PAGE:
The problem I have with fans is that they want it both ways. Meanwhile, 2/5 of the rotation is homegrown, as is 1/2 the infield, and 2/7 of the bullpen (if you want to count Rivera, 3/7)

      Personally, I think Montero should’ve gotten more of a shot, but looking at the way the Yankees are, I knew that wasn’t going to happen. I can only imagine how Yankees fans would be whining after Austin Jackson’s season last year. For better or for worse, the Yanks aren’t too keen about certain prospects, for reasons I can’t quite understand. Kennedy should’ve gotten more of a shot. Joba should still be in the rotation. But it didn’t happen. That’s just the way the Yankees work. Remember Sterling Hitchcock’s comments a while back?

      “The 22-year-old Hitchcock was quoted in The New York Daily News last Saturday as saying he was frustrated because the Yankees trumpet their youngsters and then send them to the minor leagues. Hitchcock said that Baltimore’s Ben McDonald, a five-year player, would “probably be in Double A this year, Triple A at the highest,” if he were with the Yankees and he also accused the team of giving prospects six or seven starts before bringing in ‘another Dave LaPoint.'”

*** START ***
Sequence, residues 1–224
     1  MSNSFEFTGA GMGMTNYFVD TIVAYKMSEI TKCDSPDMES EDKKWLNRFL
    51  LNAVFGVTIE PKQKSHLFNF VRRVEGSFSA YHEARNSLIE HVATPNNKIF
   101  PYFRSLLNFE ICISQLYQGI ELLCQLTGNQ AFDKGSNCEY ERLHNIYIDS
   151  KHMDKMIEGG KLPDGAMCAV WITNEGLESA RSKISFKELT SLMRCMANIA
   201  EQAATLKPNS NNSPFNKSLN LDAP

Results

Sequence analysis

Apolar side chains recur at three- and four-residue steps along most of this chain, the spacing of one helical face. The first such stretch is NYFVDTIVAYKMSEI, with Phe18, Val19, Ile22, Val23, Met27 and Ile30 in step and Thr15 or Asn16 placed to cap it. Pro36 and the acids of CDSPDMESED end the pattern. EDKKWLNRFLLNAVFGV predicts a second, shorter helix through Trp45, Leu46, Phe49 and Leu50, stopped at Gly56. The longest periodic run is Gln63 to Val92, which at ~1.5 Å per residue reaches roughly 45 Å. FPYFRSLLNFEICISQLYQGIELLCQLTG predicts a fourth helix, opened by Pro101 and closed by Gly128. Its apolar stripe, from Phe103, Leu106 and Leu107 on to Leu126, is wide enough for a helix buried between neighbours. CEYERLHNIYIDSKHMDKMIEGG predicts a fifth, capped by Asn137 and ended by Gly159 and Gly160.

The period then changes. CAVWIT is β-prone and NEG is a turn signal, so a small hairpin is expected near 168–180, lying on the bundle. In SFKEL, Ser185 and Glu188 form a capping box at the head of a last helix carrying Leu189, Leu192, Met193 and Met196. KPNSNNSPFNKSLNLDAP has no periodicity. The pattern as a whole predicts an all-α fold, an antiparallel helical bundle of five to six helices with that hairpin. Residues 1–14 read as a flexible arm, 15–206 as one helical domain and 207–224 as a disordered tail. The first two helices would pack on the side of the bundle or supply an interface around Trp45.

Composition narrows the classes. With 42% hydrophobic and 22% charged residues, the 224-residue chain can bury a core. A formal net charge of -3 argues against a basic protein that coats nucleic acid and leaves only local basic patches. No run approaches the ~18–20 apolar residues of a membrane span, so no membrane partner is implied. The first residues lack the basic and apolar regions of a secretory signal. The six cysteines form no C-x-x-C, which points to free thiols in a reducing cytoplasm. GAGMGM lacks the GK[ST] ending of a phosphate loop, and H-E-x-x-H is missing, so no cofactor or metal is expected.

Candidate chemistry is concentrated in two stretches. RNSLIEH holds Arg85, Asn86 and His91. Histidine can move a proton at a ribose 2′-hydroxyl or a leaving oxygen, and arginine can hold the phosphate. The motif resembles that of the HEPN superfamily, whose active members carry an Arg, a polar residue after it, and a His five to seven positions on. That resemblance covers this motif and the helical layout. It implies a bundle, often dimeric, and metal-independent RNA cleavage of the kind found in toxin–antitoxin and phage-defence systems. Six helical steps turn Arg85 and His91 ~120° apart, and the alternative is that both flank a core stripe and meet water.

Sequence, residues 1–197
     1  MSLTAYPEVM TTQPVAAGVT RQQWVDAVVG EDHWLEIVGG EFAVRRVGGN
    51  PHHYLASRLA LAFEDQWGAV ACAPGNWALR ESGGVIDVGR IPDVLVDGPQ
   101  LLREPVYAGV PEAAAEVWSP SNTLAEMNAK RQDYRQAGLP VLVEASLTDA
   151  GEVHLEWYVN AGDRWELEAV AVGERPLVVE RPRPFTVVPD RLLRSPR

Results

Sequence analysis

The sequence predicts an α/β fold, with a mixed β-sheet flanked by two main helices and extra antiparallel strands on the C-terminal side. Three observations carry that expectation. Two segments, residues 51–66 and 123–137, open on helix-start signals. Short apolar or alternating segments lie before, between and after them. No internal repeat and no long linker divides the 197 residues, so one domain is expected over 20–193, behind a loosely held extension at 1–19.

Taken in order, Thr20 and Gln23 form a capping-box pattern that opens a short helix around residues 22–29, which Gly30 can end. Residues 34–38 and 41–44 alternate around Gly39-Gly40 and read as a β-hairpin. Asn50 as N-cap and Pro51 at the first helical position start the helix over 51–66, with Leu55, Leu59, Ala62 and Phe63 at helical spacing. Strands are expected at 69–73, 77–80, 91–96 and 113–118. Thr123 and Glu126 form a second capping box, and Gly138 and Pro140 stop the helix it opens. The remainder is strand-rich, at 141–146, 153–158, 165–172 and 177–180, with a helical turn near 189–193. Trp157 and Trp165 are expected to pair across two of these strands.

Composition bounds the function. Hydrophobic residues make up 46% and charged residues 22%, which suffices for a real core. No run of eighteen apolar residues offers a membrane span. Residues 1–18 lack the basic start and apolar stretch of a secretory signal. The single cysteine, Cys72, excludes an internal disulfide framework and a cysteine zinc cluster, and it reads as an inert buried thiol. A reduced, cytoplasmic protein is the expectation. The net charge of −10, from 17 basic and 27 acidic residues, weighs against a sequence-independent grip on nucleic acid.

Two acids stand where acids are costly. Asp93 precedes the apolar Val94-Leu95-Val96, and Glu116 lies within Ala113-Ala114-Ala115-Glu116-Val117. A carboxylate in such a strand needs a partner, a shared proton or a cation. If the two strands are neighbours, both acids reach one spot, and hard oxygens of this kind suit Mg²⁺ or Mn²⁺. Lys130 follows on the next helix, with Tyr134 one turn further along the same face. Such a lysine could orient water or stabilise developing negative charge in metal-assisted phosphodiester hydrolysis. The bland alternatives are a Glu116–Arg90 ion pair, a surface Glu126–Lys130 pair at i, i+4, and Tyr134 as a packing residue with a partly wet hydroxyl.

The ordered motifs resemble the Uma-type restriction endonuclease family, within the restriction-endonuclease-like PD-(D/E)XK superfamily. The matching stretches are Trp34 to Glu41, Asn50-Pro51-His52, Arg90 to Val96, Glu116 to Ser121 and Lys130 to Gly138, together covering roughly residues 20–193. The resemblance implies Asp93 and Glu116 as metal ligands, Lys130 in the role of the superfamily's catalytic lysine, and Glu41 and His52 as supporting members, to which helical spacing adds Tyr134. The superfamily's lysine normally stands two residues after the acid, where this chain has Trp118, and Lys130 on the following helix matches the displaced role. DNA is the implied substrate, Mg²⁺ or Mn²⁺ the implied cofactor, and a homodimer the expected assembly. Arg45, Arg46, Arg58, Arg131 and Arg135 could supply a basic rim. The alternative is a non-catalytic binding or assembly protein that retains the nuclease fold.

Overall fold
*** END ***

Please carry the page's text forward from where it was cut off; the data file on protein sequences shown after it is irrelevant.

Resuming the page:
This was back in 1994. The more things change, the more they stay the same.

      Speaking of which, the Yanks finished 1992 76-86. Out comes the checkbook, Wade Boggs is signed to play 3b. Jimmy Key is signed for the rotation (missing out on Cone and Maddux). Spike Owen is signed to play short. Jim Abbott couldn’t come to a deal with the Angels, so he was traded to the Yanks for prospects. O’Neill was traded to the Yanks for Roberto Kelly, and they were STILL interested in adding Barry Bonds to the mix. This while Danny Tartabull was still there…

      Same as it ever was.

    13. OldYanksFan
      September 16th, 2012 | 7:54 pm

      @ Raf:
      Russell Martin:
      Last 28 games: .281, .352, .469, 0.821
      Last 14 games: .355, .444, .613, 1.057

    14. Raf
      September 16th, 2012 | 8:07 pm

      @ OldYanksFan:
      Good to see you around these parts!

      Personally, I have no issues with Martin. I thought that he was a temporary stopgap for Montero. Martin the primary, Montero the backup with Cervelli the 3rd catcher and Posada the emergency catcher. That was last year.

      With Montero, I figured he wasn’t in the plans when it took so long for him to be called up. After seeing so many years of Posada behind the plate, and with Cervelli’s overrated defensive rep, I’m a bit surprised that Montero didn’t get more time behind the plate. Especially when keeping in mind Martin’s alleged overusage in LA.